School climates are unsafe for LGBT students, students perceived to be LGBT, and gender non-
conforming students, according to the Preventing School Harassment survey.
91 percent of students reported hearing students make negative comments based on sexual orientation.
44 percent reported hearing teachers make negative comments based on sexual orientation.
46 percent of students said their schools were not safe for lesbian, gay, bisexual, and transgender
Two out of every three students who identified as LGBT reported being harassed based on actual or
perceived sexual orientation.
School climates are also unsafe for gender non-conforming students. 53 percent of students said their
schools were unsafe for “guys who aren’t as masculine as other guys,” and 34 percent said their schools
were unsafe for “girls who aren’t as feminine as other girls.” 27 percent of students reported being
harassed for gender non-conformity.
Schools can take steps to improve safety and health for all students, according to the
Preventing School Harassment (PSH) survey.
The PSH survey reveals that specific steps schools can
take that are related to a more positive overall school
climate, lower rates of harassment based on actual or
perceived sexual orientation and gender non-
conformity, and stronger student resilience.
Local school officials and school administrators
should establish and publicize district policies
prohibiting harassment based on sexual orientation
and gender, including gender identity, appearance
and behavior; ensure that all school staff are trained
to prevent and respond to harassment; support the
formation of Gay-Straight Alliances or similar clubs;
and treat all forms of harassment and discrimination
as serious and preventable.
Teachers and school staff can make schools safer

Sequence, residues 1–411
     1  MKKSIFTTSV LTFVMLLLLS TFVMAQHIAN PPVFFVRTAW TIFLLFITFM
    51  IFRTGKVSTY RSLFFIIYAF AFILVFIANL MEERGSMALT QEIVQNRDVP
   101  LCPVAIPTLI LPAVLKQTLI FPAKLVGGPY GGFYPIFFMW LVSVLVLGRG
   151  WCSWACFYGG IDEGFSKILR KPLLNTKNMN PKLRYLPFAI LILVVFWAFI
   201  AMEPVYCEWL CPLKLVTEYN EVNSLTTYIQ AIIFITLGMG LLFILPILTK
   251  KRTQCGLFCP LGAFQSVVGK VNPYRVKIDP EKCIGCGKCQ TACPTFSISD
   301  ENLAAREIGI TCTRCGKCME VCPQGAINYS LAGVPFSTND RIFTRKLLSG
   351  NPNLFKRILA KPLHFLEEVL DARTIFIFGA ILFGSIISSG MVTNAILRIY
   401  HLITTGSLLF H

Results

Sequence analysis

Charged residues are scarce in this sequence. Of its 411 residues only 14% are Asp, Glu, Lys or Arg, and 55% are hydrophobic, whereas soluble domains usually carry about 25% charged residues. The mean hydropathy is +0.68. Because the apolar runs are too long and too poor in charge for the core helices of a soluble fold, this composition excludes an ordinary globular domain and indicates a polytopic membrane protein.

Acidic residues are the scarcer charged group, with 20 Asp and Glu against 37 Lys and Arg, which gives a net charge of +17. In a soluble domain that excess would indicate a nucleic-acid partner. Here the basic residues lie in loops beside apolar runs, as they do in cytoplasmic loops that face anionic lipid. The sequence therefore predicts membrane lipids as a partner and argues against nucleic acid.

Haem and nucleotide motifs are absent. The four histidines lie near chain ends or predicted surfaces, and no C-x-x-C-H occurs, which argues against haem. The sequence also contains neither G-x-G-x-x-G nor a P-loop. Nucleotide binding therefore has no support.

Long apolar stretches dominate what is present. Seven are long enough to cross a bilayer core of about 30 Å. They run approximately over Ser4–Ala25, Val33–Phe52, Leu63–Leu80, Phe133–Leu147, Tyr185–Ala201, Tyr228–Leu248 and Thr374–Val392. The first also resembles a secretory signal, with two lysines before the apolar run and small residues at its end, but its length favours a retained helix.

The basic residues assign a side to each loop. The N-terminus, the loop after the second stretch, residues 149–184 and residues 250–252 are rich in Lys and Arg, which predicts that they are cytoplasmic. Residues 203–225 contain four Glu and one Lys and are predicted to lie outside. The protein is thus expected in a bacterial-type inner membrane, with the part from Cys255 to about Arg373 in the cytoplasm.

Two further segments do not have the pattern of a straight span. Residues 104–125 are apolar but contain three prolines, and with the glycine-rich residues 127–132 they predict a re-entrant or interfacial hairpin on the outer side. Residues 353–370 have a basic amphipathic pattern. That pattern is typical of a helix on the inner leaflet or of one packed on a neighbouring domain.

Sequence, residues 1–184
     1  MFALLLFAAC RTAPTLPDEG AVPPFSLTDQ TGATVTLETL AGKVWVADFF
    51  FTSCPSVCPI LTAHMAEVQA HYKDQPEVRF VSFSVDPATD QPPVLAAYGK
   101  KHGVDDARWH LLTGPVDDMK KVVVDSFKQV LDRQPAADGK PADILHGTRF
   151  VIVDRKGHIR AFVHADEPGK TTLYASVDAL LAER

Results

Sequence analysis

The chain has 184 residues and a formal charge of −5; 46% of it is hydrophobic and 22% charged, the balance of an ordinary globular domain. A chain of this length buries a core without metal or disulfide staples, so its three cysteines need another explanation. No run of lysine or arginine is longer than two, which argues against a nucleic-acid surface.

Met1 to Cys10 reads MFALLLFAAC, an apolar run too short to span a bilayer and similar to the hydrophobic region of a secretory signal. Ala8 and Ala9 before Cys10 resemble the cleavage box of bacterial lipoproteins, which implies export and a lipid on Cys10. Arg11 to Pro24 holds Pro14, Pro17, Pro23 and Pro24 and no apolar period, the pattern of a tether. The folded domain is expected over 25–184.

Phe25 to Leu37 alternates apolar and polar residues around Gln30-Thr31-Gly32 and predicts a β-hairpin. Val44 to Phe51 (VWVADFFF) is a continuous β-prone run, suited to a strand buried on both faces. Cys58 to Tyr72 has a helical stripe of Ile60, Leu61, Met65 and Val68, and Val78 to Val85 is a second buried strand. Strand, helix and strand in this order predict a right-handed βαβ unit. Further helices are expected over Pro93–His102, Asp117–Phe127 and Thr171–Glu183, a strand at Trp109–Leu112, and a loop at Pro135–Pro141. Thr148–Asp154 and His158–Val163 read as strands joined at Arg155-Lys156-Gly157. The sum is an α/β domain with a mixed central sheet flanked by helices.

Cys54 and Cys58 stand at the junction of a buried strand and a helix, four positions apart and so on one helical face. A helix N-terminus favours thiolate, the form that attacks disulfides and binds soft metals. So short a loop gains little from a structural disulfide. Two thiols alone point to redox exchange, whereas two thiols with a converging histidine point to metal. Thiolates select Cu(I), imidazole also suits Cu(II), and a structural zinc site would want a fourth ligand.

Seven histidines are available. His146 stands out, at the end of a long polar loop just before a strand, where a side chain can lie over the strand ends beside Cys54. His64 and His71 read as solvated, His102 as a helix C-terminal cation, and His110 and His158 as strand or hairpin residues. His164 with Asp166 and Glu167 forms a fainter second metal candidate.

by responding to slurs and negative comments, by
sharing with students where to go for information
about sexual orientation and gender identity, and
by including LGBT people and information about
sexual orientation and gender identity in the
The full Safe Place to Learn report is available at
For more information, contact
Molly O’Shaughnessy at (415) 626-1680.
STEPS Schools Can Take
Establish and publicize a harassment policy that specifically includes
sexual orientation and gender, including gender identity, appearance,
Train teachers and staff to intervene when they hear slurs or
negative comments based on sexual orientation or gender
Support the establishment of a Gay-Straight Alliance or similar
Ensure that students know where to go for information and support
related to sexual orientation and gender identity.
Introduce curriculum that includes LGBT people and information
about sexual orientation and gender identity.
OUTCOMES for Students
and School Environment
Fewer incidents of harassment and bullying.
Fewer bias-related comments and less name-calling.
Greater feelings of safety.
Improved connections to school, community, and supportive adults